My apologies to readers that have been waiting for these shots of the Edward Sexton suit. Books, corrupted photos and other things seemed to consistently get in the way.
I’ve always wanted a double-breasted mid-grey flannel. I had one made years ago in Hong Kong, and although it was poorly made, I loved the cloth and its classicism.
This is one shade darker than a real mid-grey. (It is an 11oz flannel from the Smith’s Luxury Flannels bunch.) The advantage of this is that it can easily be worn with both black and brown shoes. Any paler, such as my Anderson & Sheppard SB (pictured in this post next to Pat Murphy) and other things have to help the suit towards formality – in general, a white shirt and dark tie.
In the shots here – from the Margaret Howell store in Florence – I’m wearing the suit with a grey shirt and burgundy tie. As mentioned previously, I like a grey shirt for its ability to soften an outfit and remove any ‘business’ associations. Burgundy goes particularly nicely with it.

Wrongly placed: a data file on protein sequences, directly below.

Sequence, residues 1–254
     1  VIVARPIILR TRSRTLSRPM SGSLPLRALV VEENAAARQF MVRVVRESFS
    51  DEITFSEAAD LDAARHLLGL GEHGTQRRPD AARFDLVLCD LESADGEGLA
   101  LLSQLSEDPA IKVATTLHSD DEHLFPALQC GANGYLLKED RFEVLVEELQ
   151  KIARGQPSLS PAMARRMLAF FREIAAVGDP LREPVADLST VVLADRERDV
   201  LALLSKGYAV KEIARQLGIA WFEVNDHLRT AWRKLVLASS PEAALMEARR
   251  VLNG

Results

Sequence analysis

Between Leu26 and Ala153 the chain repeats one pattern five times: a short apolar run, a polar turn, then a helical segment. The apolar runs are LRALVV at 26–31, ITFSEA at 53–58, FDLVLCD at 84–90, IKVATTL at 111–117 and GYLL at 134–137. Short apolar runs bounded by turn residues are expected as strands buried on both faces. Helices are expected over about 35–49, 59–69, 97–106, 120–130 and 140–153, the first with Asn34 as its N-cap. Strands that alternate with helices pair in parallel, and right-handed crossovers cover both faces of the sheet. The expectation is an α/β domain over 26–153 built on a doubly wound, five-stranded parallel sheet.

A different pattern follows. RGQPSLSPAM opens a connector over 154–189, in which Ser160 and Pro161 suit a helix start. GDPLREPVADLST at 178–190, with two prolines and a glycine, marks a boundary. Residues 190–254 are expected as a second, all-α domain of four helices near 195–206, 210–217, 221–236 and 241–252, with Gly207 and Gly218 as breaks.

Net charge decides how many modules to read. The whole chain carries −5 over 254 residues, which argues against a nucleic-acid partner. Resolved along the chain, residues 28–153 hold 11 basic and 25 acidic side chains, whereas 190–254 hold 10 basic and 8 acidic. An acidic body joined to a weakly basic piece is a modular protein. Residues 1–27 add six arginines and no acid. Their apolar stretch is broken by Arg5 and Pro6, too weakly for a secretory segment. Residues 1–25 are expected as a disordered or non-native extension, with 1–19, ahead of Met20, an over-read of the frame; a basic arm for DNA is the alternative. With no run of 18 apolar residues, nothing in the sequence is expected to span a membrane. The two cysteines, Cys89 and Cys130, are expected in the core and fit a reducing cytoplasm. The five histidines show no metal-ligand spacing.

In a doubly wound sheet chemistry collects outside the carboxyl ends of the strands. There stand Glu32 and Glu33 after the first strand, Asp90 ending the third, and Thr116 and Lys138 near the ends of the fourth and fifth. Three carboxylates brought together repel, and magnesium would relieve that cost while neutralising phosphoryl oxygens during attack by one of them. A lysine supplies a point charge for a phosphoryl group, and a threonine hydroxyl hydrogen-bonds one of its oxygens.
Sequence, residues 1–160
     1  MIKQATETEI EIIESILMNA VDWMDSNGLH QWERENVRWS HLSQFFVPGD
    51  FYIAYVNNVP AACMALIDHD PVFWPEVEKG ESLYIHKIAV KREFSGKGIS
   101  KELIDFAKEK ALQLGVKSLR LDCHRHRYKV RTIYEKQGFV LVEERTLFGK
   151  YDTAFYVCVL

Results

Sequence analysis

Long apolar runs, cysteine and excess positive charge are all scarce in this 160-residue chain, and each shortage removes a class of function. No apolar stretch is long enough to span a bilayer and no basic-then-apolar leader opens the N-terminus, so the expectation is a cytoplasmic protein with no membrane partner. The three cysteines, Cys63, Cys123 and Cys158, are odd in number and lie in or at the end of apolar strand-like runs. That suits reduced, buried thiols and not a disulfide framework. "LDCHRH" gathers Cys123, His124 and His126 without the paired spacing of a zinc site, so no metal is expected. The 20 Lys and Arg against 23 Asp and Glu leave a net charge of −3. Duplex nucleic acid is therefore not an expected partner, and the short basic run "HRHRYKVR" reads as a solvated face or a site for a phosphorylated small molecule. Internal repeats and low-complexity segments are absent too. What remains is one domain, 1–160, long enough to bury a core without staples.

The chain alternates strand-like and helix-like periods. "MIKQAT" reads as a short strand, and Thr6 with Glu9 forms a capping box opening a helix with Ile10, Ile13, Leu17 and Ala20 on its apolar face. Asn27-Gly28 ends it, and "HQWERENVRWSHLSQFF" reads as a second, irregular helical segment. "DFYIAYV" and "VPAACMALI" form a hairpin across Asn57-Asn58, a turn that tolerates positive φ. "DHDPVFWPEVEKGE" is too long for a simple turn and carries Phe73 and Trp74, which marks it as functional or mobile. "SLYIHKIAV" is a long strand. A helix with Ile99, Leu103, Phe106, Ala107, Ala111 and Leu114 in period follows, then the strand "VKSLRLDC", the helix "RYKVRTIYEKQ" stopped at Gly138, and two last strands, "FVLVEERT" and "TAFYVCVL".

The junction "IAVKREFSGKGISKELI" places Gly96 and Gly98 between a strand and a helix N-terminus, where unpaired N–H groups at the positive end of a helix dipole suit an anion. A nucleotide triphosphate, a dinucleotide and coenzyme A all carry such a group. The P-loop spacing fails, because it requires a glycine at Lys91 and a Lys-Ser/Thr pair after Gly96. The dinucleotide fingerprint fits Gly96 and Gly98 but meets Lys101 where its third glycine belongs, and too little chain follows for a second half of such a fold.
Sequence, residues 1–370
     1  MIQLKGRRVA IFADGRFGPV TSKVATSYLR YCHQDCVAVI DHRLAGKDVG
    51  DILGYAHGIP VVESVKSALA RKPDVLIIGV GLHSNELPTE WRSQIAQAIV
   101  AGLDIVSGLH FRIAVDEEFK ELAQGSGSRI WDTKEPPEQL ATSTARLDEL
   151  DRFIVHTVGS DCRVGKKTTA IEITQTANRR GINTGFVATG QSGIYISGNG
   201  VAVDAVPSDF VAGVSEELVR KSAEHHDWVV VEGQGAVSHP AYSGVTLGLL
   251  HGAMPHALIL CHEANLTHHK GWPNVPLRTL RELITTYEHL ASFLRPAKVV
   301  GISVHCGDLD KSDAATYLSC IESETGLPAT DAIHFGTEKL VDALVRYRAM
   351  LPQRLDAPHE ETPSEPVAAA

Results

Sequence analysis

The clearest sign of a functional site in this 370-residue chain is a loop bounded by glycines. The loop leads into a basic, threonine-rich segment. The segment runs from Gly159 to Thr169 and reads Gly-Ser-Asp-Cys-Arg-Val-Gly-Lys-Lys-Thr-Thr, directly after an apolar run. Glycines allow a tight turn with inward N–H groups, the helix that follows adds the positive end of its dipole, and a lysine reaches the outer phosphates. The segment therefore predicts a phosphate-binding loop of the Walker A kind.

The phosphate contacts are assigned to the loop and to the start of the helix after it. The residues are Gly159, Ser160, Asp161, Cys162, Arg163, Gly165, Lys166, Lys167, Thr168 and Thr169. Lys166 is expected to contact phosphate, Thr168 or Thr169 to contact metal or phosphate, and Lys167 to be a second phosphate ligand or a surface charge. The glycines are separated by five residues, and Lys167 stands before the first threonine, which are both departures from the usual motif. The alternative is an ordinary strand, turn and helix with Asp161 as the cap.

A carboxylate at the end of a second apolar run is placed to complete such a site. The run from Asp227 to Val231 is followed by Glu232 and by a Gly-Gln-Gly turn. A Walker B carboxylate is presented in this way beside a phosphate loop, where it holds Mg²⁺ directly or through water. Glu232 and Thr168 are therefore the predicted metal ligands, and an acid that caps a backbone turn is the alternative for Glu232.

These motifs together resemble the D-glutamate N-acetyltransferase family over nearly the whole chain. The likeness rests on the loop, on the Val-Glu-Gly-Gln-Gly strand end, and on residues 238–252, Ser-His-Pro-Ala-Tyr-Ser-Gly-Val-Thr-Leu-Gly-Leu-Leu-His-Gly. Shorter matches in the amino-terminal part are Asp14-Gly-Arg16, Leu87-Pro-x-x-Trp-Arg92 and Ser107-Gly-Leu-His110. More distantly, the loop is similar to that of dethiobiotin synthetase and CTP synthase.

The style of an Edward Sexton suit can best be described as super-structured. The shoulder padding is substantial – heavier than anything I’ve had elsewhere. If there were a ranking for such padding, by the way, Chittleborough & Morgan would be next on the list, then Huntsman, and then Gieves & Hawkes. Poole and Richard Anderson come some way further down.
The roping of the shoulder is also heavy, which gives the suit breadth and quickly draws the eye up and out. It is probably the element that most drives the style of the overall suit.
The lapel is wide, but not as much as one might suspect for such a 1960s influence. Perhaps more significantly, it also has little less belly than Chittleborough & Morgan, which makes it slightly more modern and the lapel not appear as broad.
Elsewhere, Edward is keen on a long jacket but not at the expense of a long leg. The jacket always ends at or before the fork of the trouser, therefore, so the maximum amount of light is seen through the legs.
The trousers have two-inch cuffs and side tabs on the waistband. As with most first commissions, by the way, I opted for the house style in pretty much every respect. I had the trousers a half inch shorter than Edward would normally cut, but that was about it.